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BMC Bioinformatics

Open Access

Functional module detection by functional flow pattern mining in protein interaction networks

BMC Bioinformatics20089(Suppl 10):O1

https://doi.org/10.1186/1471-2105-9-S10-O1

Published: 30 October 2008

Background

A functional module has been defined as a group of molecules that participate in the same functional activities. Various graph-theoretic or data-mining techniques have been applied to discover functional modules from protein interaction networks [1]. However, their performance has been compromised by false-positive and false-negative interaction data and complex connectivity of the interaction networks. In our earlier study [2], we have introduced the functional flow-based approach to efficiently identify overlapping modules, which are generally large-sized, from interaction networks. In this abstract, we extend this approach by mining functional flow patterns for the purpose of detecting small-sized modules for specific functions.

Methods

Our approach includes three steps. First, we integrate the interaction network with semantic data from Gene Ontology [3] to generate a weighted interaction network, which is functionally reliable. Next, we simulate functional flow starting from selected informative proteins and identify primary modules for general-level functions [2]. As the last step, we obtain the set of functional flow patterns for each primary module by flow simulation from all nodes within the module. A functional flow pattern is defined as a sequence of quantities of functional influence of a source protein on target proteins. The coherent patterns are then captured by a pattern-based clustering algorithm [4] as final modules for specific-level functions. The significant assumption is that if two source proteins have similar functional flow patterns across all the other targets proteins, then they are likely to have the same function.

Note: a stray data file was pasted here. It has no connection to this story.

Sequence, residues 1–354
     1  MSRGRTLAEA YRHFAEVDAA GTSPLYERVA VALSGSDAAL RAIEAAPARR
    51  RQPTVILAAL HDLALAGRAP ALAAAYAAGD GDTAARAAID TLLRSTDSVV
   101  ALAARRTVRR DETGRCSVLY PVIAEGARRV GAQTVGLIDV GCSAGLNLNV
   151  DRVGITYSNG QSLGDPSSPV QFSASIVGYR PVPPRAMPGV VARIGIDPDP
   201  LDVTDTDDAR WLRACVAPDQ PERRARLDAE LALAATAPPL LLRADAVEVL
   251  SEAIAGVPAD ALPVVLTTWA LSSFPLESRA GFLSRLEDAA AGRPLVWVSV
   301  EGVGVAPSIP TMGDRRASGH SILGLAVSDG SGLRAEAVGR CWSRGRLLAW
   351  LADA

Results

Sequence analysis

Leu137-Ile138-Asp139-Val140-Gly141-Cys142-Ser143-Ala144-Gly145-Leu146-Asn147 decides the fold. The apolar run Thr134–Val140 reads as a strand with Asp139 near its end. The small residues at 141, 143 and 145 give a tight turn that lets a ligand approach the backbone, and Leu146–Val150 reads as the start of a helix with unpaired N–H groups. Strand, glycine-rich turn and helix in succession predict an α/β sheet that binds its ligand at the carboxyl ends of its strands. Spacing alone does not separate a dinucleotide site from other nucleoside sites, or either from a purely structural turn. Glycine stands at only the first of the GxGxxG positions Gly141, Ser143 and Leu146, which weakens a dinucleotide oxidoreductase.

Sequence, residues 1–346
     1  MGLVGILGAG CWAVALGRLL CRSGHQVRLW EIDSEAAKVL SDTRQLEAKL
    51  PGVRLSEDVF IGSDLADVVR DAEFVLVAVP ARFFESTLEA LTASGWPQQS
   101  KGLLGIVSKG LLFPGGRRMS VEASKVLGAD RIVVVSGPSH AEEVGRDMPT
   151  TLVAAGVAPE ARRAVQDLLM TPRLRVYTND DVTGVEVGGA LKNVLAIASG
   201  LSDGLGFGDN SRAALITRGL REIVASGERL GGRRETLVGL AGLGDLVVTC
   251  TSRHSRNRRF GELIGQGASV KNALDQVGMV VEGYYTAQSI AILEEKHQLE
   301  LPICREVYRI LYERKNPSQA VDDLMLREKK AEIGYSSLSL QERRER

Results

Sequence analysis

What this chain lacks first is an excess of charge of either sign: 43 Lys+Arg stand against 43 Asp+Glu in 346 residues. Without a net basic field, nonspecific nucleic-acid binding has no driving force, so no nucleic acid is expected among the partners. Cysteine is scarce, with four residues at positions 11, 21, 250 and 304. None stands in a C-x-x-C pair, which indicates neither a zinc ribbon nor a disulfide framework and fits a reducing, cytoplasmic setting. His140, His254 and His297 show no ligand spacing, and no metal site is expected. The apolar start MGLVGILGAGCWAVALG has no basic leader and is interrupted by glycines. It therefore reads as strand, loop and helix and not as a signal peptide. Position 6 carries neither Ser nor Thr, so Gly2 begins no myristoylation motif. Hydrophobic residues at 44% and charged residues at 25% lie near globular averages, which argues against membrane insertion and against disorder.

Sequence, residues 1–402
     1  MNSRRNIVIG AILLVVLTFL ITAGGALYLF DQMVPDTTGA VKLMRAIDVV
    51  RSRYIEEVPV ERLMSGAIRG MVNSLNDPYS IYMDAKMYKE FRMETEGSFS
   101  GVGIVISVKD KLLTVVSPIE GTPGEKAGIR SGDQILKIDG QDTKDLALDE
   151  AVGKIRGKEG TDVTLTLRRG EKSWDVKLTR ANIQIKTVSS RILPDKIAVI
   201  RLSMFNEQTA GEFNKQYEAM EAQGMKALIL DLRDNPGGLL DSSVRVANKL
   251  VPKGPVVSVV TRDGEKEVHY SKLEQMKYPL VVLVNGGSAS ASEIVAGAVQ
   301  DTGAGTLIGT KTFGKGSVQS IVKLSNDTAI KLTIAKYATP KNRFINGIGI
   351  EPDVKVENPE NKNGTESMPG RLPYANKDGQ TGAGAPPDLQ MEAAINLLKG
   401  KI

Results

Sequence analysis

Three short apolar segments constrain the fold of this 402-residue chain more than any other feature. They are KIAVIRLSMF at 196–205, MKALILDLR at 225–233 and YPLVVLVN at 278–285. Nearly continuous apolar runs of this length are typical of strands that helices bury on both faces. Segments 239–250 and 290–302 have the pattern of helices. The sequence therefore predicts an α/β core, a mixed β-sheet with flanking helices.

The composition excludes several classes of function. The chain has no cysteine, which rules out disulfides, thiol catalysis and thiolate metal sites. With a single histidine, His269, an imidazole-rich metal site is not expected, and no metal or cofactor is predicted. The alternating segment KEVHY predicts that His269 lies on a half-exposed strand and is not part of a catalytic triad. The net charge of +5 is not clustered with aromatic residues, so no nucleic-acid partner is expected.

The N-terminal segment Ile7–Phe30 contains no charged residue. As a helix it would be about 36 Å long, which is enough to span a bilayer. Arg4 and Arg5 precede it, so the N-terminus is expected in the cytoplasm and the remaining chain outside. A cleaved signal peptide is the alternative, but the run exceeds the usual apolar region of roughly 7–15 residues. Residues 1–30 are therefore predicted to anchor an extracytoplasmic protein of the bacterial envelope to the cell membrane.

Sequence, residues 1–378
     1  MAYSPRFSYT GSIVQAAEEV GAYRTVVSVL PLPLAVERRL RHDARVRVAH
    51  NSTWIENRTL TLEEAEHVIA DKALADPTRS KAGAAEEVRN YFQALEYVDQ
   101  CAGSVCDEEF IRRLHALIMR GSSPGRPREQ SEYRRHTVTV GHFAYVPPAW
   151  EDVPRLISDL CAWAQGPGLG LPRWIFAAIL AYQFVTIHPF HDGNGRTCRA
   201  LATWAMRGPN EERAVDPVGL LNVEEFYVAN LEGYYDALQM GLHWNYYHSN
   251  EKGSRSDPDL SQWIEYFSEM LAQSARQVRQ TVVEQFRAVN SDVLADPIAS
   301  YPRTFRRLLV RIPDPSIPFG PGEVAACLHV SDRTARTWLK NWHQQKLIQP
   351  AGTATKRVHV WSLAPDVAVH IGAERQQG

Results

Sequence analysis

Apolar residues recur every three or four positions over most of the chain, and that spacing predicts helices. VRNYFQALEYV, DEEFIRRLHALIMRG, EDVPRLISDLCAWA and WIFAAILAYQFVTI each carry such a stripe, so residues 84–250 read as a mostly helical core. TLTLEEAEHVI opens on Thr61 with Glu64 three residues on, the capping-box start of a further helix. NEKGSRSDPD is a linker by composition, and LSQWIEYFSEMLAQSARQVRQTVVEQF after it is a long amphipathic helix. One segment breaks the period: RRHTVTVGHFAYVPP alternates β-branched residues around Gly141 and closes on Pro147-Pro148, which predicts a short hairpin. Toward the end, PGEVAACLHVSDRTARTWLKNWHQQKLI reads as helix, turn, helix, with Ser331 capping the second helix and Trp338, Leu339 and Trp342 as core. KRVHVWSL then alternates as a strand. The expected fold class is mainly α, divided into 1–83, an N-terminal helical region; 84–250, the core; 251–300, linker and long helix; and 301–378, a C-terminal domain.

Results

We tested our flow-pattern clustering method using a sub-network, structured by the proteins having functions on Cell Cycle and DNA Processing and the interactions between them. The output modules were compared to the functional categories and their annotations from MIPS [5] using statistical p-value analysis (see Table 1). We assessed the performance of our algorithm comparing to two competing methods: the clique percolation method [6] as a density-based approach to find densely connected sub-graphs, and the betweenness-cut method [7] as a hierarchical approach to iteratively separate a graph and find the best partition. As a result, our algorithm had higher accuracy than the others by approximately 20% (see Table 2).

Table 1

function

module size

-log(p-value)

ORI recognition and priming complex formation

22

9.80

extension and polymerization activity

27

4.73

DNA repair

92

3.08

DNA recombination

42

3.01

DNA conformation modification

120

3.25

Mitotic cell cycle

111

8.82

meiosis

80

3.48

cell division

40

7.13

The detected functional modules and their accuracy by our flow-pattern clustering method. The proteins on Cell Cycle and DNA Processing and the interactions between them were used.

Table 2

methods

category

number of modules

average module size

-log(p)

functional flow pattern

flow-based

14

11.20

5.41

edge-betweenness

hierarchical

43

9.67

4.62

clique percolation

density-based

16

6.94

4.63

Accuracy comparison of the methods for functional module detection in protein interaction networks. The flow-pattern clustering approach had approximately 20% higher accuracy than the other methods.

Conclusion

The modules, identified from protein interaction networks, provide an understanding of functional associations among proteins. In this study, we introduced a framework to detect functional modules in protein interaction networks. We demonstrated that our approach accurately handles the erroneous and complex networks.

Authors’ Affiliations

(1)
Department of Computer Science, State University of New York

References

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Copyright

© Cho et al; licensee BioMed Central Ltd 2008

This article is published under license to BioMed Central Ltd.

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